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Published: 11/3/2001

Saturday afternoon, 7 nights a week

It occurs to me that college football is heading the way of college basketball.

College football schedules across the country are starting to include games played practically any day of the week. It's all in the name of exposure, baby.

In pursuit of national air time, particularly for the mid-major schools, college football programs are not limiting their schedules solely to Saturday afternoons anymore.

Consider the University of Toledo among the group of pioneering football programs that have made it clear that few days, if any, are off limits for scheduling a game if it means playing before a national television audience.

The Rockets will host Mid-American Conference rival Western Michigan Tuesday night on ESPN - the first time Toledo ever has played a regular-season football game on that night.

Yet it's not the first time for ESPN to air a college game during the middle of the work week. And it won't be the last.

Teams like Toledo and Western Michigan, and conferences like the MAC, are crying out for attention.

UT assistant athletic director/ media relations Paul Helgren admits as much.

“We like to get on television,” Helgren said. “I don't know if 8 p.m. on Tuesdays will always be our choice, though.”

Actually, the Rockets and Broncos have little choice in the matter. They'll play whenever ESPN and other networks ask them to. As the only college football game scheduled on a Tuesday, Wednesday, Thursday or Friday night, they automatically become the only game of note for that day.

UT's schedule this season included games to be played on a Tuesday, Wednesday, Thursday and Friday. Most of those Rocket games were planned with national TV in mind.

It was in the 1980s when ESPN made a decision to try to supply its viewers with a daily dose of college basketball. The 24-hour sports network was in need of programming. They called it Big Monday, which featured games from the Big East, Big Ten and Pac-10 broadcast every Monday night during the season. It wasn't long after that when it expanded, and college basketball games could be found on TV every night right up to March Madness. That led to lesser-known conferences and programs getting exposure throughout the week they otherwise wouldn't have received.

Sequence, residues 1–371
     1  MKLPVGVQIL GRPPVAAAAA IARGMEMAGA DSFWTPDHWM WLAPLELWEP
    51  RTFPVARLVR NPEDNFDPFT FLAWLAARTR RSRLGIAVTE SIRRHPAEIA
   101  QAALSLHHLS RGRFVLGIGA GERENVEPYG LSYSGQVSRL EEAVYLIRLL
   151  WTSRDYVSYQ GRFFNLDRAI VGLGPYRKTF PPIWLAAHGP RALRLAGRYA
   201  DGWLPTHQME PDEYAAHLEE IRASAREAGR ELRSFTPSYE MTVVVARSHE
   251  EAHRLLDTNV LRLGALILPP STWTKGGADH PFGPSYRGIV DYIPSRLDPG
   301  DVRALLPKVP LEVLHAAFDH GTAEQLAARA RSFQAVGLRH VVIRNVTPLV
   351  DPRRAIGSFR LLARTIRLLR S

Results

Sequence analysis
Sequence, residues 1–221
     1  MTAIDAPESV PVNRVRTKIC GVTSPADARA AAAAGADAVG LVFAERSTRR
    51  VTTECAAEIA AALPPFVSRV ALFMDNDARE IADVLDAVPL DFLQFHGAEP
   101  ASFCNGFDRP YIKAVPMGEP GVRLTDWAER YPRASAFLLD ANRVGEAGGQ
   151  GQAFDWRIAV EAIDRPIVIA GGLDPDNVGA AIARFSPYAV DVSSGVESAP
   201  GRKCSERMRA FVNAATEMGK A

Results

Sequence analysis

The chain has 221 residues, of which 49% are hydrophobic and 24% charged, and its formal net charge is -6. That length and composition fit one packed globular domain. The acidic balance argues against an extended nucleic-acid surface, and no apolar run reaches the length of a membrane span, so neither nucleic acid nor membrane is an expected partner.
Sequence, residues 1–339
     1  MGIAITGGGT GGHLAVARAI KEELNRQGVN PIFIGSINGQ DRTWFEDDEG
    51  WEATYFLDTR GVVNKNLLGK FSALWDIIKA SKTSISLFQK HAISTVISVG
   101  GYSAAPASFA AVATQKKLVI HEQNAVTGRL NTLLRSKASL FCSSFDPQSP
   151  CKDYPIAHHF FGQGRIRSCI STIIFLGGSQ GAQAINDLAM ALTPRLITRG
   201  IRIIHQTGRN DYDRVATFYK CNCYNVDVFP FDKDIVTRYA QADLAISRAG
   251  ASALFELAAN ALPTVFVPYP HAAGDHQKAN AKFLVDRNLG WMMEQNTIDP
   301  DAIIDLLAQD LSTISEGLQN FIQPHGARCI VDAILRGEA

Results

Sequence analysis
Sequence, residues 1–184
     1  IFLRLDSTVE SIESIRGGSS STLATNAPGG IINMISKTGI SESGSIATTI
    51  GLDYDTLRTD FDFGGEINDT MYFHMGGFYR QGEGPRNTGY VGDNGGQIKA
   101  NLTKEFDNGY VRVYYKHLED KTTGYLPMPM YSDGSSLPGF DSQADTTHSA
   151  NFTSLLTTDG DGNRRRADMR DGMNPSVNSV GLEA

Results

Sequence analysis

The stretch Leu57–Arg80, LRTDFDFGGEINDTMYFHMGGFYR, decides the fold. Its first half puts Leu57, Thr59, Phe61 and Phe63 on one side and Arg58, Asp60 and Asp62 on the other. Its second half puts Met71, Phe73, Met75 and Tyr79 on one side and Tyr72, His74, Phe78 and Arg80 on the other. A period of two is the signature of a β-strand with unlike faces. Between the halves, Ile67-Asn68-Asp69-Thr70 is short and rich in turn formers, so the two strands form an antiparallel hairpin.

I don't think it's too far-fetched to think there will come a time when MAC Mondays and WAC Wednesdays won't refer to the basketball season.

World Series: must-see TV

The New York Yankees and Arizona Diamondbacks have made for compelling prime-time (late-night) television. Exceptional pitching performances, deft glove work, and, of course, late-inning (extra-inning) heroics have kept television viewers tuned into the Series.

Considering the terrorist attacks of Sept. 11 and the Yankees' involvement, Series TV ratings couldn't do anything but go up from last fall's figures for the Yankees and New York Mets clash. The Subway Series, though big in New York, drew a 12.4 rating. It stands as the worst-rated Series of all time.

The Yankees-Diamondbacks series is averaging a 14.4 rating through Game 5, 17 percent better than the Yankees-Mets, which also was on Fox.

With the Series moving back to Arizona after three Yankee victories at home, Game 6, scheduled for a 7:30 p.m. start time tonight on Fox (36, 2), rates as must-see TV even on a night not lacking for sports programming.

For Buckeye fans, Ohio State plays at Minnesota tonight on ESPN at 7:45.

Hoop dreams on TV

Basketball junkies searching for more of the pro game on television will find it this winter, courtesy of the NBA, ESPN, ESPN2 and Fox Sports Net.

But it won't involve Shaq, Kobe and the two-time defending champion Los Angeles Lakers.

Instead, look for the likes of former University of Toledo standout Greg Stempin and Weber State's former one-man scoring arsenal, Harold “The Show” Arceneaux, to appear with the National Basketball Development League (NBDL).

The NBDL is the NBA's new minor league. It was created to help develop and showcase former college and foreign players not quite up to the NBA skill level. It will serve as a talent pool for NBA franchises.

The NBDL also represents more live programming for ESPN and Fox Sports Net. ESPN and ESPN2 are scheduled to televise 24 NBDL games beginning in mid-November and ending in late March of 2002 for the inaugural season. Fox Sports Net has a deal to broadcast 19 games for a league that will consist of eight, 11-man teams based in the Carolinas, Alabama and Georgia.

The NBDL's season-opener will take place on Nov. 16 and will be televised on ESPN2.

Stempin was selected by the Fayetteville (N.C.) Patriots with the first pick in the sixth round (41st overall) during the league's 12-round draft on Oct. 31. Arceneaux was taken in the fourth round (28th) by the Columbus (Ga.) Riverdragons.

However, final rosters for each team will not be announced until Nov. 14.

Donald Emmons is The Blade's sports media columnist. Contact him by e-mail at demmons@theblade.com.



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